To no great surprise, the latest Opec meeting in Doha on April 17 ended in acrimony as those two old foes, Saudi Arabia and Iran, remained at odds. Saudi Arabia insists Iran, now in the process of ramping up production after the easing of international sanctions, must be part of any production cuts to shore up prices, while Tehran believes it has the right to regain its market share lost over the last two decades.
Yet while Iran’s output is indeed rising quickly as oil in storage is depleted, many observers say getting more out of its existing fields and developing new ones will take significantly longer than Tehran hopes and others fear.
The oil price tumbled by the most in two months on April 18 after the meeting of 18 oil-producing nations, including non-member Russia, in the Qatari capital of Doha ended without any agreement on limiting supplies. Brent crude fell 7% at one point on April 18, but then recovered to trade at down 4.3% at $41.23 a barrel by midday.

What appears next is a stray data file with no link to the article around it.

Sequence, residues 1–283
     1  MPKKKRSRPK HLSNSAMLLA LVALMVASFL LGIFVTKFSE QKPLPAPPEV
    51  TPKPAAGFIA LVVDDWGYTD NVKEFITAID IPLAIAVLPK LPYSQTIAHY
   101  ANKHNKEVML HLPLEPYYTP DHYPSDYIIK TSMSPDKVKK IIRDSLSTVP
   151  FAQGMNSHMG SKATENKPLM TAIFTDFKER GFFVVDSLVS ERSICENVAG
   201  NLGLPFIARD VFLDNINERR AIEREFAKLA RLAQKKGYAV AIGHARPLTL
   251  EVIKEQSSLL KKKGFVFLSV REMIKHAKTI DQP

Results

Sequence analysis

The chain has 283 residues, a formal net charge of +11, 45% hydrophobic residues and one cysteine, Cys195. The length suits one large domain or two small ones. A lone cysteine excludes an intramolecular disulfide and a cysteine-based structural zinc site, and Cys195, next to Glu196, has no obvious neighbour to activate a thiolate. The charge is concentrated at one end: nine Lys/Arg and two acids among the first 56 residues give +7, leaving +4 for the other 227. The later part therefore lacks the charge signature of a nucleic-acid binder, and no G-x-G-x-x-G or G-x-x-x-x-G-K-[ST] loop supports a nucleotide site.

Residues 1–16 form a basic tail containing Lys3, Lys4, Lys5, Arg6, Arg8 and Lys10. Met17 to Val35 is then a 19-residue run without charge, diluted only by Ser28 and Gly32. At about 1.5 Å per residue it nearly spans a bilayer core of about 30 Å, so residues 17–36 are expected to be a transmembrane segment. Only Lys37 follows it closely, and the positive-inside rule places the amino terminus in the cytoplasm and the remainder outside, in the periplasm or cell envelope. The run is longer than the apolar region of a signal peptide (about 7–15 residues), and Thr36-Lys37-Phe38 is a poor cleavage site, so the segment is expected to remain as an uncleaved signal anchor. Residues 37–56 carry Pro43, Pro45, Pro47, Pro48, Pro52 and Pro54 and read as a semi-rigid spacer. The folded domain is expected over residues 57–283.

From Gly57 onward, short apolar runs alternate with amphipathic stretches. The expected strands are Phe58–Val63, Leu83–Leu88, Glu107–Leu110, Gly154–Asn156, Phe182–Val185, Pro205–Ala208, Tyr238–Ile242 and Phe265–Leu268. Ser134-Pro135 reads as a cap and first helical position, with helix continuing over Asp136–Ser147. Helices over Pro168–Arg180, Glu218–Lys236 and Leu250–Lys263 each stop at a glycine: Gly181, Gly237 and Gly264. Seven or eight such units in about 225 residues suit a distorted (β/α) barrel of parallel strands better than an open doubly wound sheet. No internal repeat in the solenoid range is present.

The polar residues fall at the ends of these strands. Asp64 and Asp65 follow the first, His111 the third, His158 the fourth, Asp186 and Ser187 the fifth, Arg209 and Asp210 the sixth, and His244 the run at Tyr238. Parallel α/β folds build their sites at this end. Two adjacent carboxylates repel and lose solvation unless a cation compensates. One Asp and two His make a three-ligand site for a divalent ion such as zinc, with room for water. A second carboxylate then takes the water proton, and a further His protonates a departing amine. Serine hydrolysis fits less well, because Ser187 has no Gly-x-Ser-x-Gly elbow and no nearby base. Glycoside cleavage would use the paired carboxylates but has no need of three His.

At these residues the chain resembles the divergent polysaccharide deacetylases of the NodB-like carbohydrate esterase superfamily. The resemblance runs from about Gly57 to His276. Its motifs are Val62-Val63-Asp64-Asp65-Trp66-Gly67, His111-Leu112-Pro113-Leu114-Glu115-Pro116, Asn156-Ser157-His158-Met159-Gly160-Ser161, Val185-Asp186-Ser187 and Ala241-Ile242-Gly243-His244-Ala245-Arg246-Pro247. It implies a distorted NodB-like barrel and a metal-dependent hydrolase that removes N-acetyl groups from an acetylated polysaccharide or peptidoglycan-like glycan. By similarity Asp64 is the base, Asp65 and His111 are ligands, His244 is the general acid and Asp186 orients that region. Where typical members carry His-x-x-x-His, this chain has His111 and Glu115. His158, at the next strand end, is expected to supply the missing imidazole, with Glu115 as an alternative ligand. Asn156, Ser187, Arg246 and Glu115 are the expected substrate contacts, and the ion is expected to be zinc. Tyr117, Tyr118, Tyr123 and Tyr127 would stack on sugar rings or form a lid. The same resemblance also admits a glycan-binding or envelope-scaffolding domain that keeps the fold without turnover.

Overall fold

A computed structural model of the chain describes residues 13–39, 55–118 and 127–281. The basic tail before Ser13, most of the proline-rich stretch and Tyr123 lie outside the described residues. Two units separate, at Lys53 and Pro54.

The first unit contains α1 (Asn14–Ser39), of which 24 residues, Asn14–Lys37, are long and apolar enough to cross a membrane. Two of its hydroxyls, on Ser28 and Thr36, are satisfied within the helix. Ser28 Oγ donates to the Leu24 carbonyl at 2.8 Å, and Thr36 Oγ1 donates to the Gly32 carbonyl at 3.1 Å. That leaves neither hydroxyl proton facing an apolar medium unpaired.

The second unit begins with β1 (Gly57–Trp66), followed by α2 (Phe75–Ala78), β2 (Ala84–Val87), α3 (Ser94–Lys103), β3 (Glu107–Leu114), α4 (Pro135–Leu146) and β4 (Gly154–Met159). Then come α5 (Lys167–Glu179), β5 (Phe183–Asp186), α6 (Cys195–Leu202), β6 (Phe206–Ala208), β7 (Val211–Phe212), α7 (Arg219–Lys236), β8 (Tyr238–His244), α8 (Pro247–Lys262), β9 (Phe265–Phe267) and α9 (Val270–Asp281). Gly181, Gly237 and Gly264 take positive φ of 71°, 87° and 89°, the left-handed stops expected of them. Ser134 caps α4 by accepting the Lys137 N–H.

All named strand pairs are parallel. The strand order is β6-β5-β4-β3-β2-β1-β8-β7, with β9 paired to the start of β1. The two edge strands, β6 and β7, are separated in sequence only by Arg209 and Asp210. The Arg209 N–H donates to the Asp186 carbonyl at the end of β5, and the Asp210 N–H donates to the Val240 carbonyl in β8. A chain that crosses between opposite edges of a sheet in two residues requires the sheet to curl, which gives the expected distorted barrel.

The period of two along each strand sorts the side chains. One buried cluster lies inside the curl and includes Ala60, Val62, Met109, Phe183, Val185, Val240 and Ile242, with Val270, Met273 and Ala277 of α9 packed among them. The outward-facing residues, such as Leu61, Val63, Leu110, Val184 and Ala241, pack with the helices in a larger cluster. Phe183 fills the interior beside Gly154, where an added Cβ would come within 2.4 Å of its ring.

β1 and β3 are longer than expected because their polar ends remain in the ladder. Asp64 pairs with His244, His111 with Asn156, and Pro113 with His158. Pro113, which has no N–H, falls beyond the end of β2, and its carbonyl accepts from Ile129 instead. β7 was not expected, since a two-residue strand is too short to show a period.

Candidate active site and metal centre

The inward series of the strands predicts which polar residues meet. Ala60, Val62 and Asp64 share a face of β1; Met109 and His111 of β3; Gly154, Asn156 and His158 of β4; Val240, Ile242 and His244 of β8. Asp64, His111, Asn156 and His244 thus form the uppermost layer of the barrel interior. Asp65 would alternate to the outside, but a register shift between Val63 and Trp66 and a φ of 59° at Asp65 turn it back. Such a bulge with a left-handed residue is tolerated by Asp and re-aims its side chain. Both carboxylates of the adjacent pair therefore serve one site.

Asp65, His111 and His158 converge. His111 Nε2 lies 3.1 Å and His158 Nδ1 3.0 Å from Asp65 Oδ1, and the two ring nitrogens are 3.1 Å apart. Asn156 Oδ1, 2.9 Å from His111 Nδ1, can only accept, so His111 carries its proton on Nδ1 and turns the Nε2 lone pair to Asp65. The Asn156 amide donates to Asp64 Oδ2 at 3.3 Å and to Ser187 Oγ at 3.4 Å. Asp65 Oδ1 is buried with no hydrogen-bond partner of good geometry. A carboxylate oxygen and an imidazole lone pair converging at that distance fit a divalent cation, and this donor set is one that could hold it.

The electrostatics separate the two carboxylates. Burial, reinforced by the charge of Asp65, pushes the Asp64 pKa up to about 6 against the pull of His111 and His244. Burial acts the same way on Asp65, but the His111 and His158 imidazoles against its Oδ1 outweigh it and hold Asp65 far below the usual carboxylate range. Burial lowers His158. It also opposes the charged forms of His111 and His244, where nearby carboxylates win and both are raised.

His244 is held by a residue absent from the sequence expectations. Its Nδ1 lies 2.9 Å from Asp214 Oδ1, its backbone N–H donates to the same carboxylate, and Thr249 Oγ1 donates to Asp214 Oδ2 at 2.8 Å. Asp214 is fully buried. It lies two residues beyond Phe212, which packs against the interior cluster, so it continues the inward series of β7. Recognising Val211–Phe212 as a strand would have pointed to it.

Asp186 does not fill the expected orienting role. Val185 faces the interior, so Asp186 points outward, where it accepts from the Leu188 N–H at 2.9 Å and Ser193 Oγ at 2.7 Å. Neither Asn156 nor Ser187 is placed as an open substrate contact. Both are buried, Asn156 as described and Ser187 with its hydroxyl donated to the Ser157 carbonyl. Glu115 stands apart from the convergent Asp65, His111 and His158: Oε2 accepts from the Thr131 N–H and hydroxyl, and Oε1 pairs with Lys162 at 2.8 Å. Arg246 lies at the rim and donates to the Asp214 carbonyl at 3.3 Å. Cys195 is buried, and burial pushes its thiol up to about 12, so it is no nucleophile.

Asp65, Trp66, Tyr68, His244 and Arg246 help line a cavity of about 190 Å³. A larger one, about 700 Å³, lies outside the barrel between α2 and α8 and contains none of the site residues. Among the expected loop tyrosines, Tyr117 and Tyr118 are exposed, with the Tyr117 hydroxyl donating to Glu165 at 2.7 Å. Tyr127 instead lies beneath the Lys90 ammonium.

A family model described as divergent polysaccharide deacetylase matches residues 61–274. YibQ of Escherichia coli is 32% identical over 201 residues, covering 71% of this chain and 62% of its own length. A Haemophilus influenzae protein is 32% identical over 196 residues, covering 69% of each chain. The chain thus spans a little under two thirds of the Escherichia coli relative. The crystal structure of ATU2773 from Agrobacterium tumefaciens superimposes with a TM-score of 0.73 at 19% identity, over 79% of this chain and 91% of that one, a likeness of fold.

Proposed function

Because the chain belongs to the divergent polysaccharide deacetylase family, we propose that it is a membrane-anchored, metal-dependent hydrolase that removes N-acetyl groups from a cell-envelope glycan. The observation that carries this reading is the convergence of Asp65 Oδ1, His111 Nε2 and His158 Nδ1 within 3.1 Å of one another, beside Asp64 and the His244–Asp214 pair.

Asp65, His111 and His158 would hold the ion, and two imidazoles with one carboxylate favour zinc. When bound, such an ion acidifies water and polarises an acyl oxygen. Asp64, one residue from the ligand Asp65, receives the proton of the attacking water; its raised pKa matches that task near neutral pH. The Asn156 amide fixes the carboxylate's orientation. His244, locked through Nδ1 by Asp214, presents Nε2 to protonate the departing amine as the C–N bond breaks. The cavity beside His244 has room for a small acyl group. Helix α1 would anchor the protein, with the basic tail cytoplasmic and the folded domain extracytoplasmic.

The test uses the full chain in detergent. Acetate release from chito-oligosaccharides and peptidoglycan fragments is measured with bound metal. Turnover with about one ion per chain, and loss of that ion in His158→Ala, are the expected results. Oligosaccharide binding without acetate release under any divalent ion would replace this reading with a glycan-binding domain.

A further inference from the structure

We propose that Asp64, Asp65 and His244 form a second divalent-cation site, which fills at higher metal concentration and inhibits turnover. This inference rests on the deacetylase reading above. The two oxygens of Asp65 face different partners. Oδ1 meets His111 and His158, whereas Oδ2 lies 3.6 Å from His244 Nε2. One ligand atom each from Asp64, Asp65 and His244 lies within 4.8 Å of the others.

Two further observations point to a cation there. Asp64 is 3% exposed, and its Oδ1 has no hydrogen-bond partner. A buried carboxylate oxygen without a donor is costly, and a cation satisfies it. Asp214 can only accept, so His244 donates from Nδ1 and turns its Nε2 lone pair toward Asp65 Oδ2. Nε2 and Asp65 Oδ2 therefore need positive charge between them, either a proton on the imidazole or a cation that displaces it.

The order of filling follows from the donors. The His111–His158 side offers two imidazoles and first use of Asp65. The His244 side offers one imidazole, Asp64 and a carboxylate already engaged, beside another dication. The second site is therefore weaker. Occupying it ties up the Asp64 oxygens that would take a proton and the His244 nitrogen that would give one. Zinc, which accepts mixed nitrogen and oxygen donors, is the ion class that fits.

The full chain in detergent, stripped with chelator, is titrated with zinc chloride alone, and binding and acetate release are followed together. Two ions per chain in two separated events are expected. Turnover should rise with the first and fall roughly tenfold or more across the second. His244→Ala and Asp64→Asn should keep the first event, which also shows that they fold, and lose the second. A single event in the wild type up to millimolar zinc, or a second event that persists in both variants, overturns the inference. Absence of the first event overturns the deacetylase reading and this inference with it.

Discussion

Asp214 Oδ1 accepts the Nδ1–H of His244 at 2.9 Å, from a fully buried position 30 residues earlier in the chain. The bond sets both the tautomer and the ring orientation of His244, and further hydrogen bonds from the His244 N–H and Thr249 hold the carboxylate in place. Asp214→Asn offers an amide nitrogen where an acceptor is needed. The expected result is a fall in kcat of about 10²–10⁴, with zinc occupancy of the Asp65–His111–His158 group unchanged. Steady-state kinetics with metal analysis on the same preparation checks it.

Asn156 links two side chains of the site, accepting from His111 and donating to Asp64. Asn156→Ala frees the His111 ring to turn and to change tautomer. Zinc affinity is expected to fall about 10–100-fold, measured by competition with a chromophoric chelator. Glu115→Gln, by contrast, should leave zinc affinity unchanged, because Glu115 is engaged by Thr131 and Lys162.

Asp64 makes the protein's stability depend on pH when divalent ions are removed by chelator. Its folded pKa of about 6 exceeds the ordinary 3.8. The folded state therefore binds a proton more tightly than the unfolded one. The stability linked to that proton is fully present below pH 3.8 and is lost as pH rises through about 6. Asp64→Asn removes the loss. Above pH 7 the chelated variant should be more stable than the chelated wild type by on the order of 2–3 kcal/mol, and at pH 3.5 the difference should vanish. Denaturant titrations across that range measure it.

Saudi Arabia’s Deputy Crown Prince Mohammed bin Salman was quoted by newswires as saying that the kingdom wouldn’t rein in production without commitments from other major producers including Iran, which wasn’t present at the meeting and has ruled out freezing for now as it looks to regain its pre-sanctions capacity of around 4mn barrels a day (b/d).
“As we're not going to sign anything, and as we’re not part of the decision to freeze output, we ultimately decided it was not necessary to send a representative,” the Iranian government said in a statement ahead of the meeting.
For many observers, the failure came as no great surprise, and promises to be a foretaste of things to come at Opec. “Iran desperately needs oil to rebuild its infrastructure, and to buy the stuff that the rest of the world has been able to buy. And Iran’s religious leaders want their take, too,” says Kim Iskyan, founder of Truewealth Publishing. “With these sanctions recently lifted, Iran now wants to export as much oil – and earn as much money – as it can. The last thing Iran wants (and which its president can politically afford to do) is to limit the amount of oil it can sell abroad.”